Dissent Is Priceless

I view the 9/11 attacks on the United States as my generation's Pearl Harbor .

I reenlisted after 9/11 to fight the terrorists who actually attacked our country -- Osama Bin Laden, Al-Qaeda, and the Taliban.

Instead, I found myself invading Iraq , a country that did not want war with us and had nothing to do with 9/11, Al-Qaeda, or Osama Bin Laden. Most importantly Saddam Hussein did not possess weapons of mass destruction -- the primary reason that President Bush used as a justification for war.

Judging from the reasons that President Bush gave for the invasion and occupation of Iraq, our military has long since accomplished their mission.

There were no weapons of mass destruction to disarm, Saddam Hussein is dead, the Iraqi people have had 3 democratic elections, and we built, trained, armed, and financed a new Iraqi security and police force.

I realize that there are many veterans out there who disagree with my opinions -- and I completely respect that. However, my experiences in Iraq led me to become a war critic and I feel obligated to speak out. After serving for a year on the ground in Iraq, I am entitled to my beliefs as well.

The entire time I served on active duty I was never once told by my fellow soldiers that my anti-Iraq war beliefs were hurtful to their morale, or that my actions were counterproductive to winning the war.

Upon my completion of 8 honorable years of military service I became a full time anti-Iraq war activist.

Because of my strong opinions of dissent I have been called a coward, a traitor, a deserter, and a cut-and-run defeatocrat. I have been told to leave this country and move to France .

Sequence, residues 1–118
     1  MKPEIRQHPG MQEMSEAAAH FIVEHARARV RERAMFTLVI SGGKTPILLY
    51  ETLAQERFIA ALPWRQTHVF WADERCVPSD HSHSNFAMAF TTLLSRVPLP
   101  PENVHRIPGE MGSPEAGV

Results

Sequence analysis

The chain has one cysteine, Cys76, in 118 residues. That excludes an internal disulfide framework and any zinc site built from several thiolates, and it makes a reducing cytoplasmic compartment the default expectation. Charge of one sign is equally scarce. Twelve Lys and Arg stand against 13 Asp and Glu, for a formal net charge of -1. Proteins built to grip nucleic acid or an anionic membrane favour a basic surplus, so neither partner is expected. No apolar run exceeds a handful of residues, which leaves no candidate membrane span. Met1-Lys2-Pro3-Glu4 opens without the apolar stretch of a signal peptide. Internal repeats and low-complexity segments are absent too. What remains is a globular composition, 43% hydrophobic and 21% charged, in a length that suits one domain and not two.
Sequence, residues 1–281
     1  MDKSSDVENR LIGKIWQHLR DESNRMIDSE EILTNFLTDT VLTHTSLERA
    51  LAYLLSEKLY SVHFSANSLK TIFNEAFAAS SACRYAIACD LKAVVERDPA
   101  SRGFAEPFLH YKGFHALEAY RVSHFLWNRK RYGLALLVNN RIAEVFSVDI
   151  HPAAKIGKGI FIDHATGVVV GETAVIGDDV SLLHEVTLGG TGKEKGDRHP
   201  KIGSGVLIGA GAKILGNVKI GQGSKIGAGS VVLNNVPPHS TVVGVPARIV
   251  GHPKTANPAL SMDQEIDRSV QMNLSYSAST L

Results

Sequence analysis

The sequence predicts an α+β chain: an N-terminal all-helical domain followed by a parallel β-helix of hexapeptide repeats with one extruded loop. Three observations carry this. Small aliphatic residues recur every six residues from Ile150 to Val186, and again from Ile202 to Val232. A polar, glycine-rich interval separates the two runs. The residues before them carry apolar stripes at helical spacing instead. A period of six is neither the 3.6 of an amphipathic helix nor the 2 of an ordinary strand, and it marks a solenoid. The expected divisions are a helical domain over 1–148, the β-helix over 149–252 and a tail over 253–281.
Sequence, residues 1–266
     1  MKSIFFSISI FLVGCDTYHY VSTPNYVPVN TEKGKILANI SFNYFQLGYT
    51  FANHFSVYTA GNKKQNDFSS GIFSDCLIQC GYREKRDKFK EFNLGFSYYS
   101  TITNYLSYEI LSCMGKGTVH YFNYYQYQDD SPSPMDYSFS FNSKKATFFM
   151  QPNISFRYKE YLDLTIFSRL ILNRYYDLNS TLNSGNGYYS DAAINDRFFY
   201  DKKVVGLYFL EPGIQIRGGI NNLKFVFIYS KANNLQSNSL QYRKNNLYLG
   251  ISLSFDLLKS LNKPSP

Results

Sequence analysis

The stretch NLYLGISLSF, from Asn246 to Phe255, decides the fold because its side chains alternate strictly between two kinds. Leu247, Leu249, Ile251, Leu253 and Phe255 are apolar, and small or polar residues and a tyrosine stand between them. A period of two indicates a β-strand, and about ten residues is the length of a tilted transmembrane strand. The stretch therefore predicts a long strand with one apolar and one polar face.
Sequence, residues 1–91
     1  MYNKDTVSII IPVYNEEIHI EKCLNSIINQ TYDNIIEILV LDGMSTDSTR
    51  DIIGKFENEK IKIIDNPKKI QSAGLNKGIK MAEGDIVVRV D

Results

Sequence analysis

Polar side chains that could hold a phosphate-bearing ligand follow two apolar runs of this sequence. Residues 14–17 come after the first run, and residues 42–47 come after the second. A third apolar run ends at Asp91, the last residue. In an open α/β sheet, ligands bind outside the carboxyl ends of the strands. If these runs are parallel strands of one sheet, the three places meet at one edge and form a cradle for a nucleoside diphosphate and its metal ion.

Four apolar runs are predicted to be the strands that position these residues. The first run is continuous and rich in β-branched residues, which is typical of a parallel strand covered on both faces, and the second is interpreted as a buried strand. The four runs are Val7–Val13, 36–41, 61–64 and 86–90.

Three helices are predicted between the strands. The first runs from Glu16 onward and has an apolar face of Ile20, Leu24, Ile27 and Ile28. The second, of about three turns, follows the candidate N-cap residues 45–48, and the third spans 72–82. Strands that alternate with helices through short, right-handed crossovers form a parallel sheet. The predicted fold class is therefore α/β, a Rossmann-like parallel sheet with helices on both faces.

Nine out of 10 times these hateful comments leveled upon me come from people who have never worn the uniform, been in combat, or been to Iraq . And even though I fought the war they support and advocate for they hate me because of my difference of opinion.

In February of 2007, the former chairman of the Joint Chiefs of Staff, General Peter Pace, said this in regard to debate over the Iraq war -- "There is no doubt in my mind that the dialogue here in Washington strengthens our democracy, period." General Pace's remarks were echoed by Secretary of Defense Robert Gates who said -- "One thing that I would add to that is that I think that -- you know, I have no documentation for this, but I've made two trips to the field to Afghanistan and Iraq in my first six weeks in office. And I would tell you that I think that they -- that our troops do understand that everybody involved in this debate is looking to do the right thing for our country and for our troops, and that everybody is looking for the best way to avoid an outcome that leaves Iraq in chaos."

I could not agree more.

I am hoping to see solid exchanges between our presidential nominees, Democrat and Republican, that provide for an honest and practical way out of this war.

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